When the sun comes out, you want to be thinking about heading to the beach or enjoying a picnic with your friends – not worrying about whether you’re going to make it. Seeing as the great British summer weather has finally arrived, we thought we would put together some top tips for staying safe on the roads during warmer times.

When you think of summer, most people probably think of a road trip with their friends, windows downs, cool summer tunes playing, and making memories that will last you a lifetime. So what can you do to help your driving this summer?

 

Car checks

Firstly, make sure you do your car checks regularly during warmer weather. This will help prevent any problems arising, such as your car overheating if it hasn’t got enough water or coolant.

Always check your oil and washer levels too, plus your tyre treads to make sure they still meet legal requirements. If your tyres are under-inflated during hotter temperatures, this will worsen any weak spots or damage that currently exists, making punctures all the more likely. Find out more about what to do if your car breaks down in one of our previous blogs.

 

Sun

The sun can be blinding at the best of times, but don’t get caught out when you’re driving. Make sure you have a pair of sunglasses that protect you from the glare of the sun but also still allow you to see safely. If you have to wear glasses then it’s usually a good idea to get prescription sunglasses so you’re not compromising your sight.

The sunshield above the windscreen will also help to stop the glare of the sun. Your windows need to be clean both inside and out, as when you drive into the sunlight, especially when it is lower in the sky, it will show up any dirt and marks – which can obstruct your clear view of the road.

 

Hayfever

Spring and summer can signal the start of the hay fever season for many people, and with 27% of UK drivers suffering from it, according to Halfords, it can become hazardous when you drive. According to their study, if you sneeze while driving at 70mph you can lose your vision for up to 100 metres, and one in three hay fever sufferers admitted to it distracting them from driving. There are a reported two million drivers who are thought to have had a near miss, lost control of their vehicle, or even had an accident as a result of their hay fever.

So what can you do to help control it? Always keep a tissue within reach to avoid having to fidget around for one. It’s also a good idea to keep your windows shut and your air vents closed when the pollen levels are particularly high too.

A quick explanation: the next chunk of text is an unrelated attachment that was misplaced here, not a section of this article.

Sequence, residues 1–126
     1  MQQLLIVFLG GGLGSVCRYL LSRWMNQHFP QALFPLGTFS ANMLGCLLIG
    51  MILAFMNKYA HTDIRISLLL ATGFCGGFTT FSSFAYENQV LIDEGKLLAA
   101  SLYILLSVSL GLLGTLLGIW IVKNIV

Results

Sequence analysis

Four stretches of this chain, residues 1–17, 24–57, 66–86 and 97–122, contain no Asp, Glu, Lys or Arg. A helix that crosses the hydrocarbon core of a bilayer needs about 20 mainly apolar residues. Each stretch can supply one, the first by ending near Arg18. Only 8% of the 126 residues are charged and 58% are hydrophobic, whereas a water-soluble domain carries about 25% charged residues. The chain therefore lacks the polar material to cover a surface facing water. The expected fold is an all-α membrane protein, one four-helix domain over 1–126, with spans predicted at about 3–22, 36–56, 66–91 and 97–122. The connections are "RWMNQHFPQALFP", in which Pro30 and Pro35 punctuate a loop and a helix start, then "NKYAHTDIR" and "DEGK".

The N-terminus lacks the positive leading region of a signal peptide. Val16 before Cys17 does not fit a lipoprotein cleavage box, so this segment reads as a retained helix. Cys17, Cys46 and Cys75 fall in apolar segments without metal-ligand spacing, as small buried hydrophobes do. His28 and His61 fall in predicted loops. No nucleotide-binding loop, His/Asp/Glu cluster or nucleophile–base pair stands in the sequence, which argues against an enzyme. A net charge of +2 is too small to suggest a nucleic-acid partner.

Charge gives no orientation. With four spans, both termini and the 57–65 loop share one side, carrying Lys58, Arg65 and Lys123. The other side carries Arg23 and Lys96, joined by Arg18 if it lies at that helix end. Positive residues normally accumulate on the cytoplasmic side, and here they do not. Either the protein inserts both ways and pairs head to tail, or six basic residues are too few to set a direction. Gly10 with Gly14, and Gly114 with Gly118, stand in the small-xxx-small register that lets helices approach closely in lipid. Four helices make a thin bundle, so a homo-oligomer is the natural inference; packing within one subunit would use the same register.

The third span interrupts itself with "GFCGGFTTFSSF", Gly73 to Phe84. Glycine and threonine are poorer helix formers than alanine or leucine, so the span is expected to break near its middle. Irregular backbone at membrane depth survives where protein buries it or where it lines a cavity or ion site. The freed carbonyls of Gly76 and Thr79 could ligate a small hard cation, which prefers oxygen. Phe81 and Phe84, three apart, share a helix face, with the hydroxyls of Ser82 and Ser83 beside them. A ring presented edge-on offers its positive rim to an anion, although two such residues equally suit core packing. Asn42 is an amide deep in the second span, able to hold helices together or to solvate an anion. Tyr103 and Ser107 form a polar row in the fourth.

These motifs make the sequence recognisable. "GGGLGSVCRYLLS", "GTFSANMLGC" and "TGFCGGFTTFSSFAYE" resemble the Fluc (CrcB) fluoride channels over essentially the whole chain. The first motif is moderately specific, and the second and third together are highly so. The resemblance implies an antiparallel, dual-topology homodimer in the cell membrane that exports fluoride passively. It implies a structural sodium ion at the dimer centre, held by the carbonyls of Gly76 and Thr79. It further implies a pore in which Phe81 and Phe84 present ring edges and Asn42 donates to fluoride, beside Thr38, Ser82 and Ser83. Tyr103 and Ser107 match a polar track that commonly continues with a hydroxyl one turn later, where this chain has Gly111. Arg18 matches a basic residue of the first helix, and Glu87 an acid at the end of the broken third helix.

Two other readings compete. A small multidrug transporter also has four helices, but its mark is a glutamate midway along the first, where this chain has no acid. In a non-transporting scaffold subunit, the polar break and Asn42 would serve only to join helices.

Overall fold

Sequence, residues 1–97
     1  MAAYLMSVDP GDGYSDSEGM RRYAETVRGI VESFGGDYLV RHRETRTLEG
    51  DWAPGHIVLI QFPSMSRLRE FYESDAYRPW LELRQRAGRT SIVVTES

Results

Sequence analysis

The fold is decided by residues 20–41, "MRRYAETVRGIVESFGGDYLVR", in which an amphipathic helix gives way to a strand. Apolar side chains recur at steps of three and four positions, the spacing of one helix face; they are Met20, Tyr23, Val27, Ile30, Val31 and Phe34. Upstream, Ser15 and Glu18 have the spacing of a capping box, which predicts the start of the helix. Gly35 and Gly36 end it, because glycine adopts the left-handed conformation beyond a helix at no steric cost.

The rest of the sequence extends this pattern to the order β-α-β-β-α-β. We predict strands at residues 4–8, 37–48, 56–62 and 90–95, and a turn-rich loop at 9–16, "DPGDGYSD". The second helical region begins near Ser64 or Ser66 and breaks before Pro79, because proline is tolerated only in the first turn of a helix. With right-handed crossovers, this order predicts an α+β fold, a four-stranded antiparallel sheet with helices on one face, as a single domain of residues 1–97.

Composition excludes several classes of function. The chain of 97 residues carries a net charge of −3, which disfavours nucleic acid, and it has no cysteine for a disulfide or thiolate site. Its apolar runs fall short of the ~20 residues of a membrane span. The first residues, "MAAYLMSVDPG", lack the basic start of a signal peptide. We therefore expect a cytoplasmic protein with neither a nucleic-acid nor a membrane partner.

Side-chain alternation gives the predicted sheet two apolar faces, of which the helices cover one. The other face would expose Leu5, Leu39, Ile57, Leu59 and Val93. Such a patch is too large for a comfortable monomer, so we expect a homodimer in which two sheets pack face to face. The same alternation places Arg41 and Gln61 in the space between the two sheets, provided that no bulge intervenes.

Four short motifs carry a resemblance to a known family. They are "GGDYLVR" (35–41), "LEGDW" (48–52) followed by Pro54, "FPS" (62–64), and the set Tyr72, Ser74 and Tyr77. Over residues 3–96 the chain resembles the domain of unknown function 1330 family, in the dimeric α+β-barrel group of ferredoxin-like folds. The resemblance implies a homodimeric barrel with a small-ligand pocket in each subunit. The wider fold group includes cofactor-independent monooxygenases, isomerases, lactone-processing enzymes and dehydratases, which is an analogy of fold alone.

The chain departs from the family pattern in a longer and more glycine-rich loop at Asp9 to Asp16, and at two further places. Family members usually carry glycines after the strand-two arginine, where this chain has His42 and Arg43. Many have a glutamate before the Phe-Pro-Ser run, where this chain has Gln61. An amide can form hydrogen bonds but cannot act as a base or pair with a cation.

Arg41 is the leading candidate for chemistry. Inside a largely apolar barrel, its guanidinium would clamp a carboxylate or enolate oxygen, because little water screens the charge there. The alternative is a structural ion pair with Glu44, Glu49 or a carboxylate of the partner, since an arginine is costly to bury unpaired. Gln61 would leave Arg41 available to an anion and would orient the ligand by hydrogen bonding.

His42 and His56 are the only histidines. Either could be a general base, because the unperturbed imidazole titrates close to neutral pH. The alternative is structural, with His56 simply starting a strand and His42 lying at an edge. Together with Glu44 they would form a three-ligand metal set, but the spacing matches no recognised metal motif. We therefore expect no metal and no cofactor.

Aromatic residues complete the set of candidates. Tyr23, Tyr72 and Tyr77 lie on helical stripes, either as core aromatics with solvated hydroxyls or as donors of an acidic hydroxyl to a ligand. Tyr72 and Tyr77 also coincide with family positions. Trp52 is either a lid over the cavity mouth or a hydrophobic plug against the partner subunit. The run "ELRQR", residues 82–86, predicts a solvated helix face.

There are also many remedies you can buy from pharmacies to help ease your hay fever; just make sure that what you take is non-drowsy, otherwise these can be dangerous when you’re driving. If you are having a particularly bad spell of hay fever, try and put off your journey, or find an alternative mode of transport.

 

Hydration

Remember that you need to keep hydrated at all times, but especially when the weather is hot. You’re more likely to become dehydrated quicker during the summer months, which can impair your reaction time and concentration.

If you’re on a long journey don’t forget to take breaks to rehydrate, stretch your legs, get some fresh air and a coffee if necessary to help stop you from feeling sleepy. Plus, it will give your car a little break too, and allow you to address any concerns with the car in a safe place.

 

Common summer driving worries

If your car has air conditioning, you may find that there are pools of water under your car, which is ok. Most of the time this is caused by condensed water from the car’s air conditioning unit, and isn’t something you need to worry about.

You may also find that your engine sounds as though it’s roaring, or sounds louder than usual. This will typically be the cooling fan turning on and off, to help keep the engine cool. This often occurs when you are stuck in traffic, as there is not as much air flowing to the engine, unlike when you’re moving.

You may even find that your car feels as though it has less power, almost seeming lethargic. This is perfectly normal for this time of year, and is put down to the warmer air being less dense – which then gives your car’s engine that little less power.

Give your car, and yourself, a little bit of TLC and you’ll be set to enjoy the summer months in style. See you at the beach!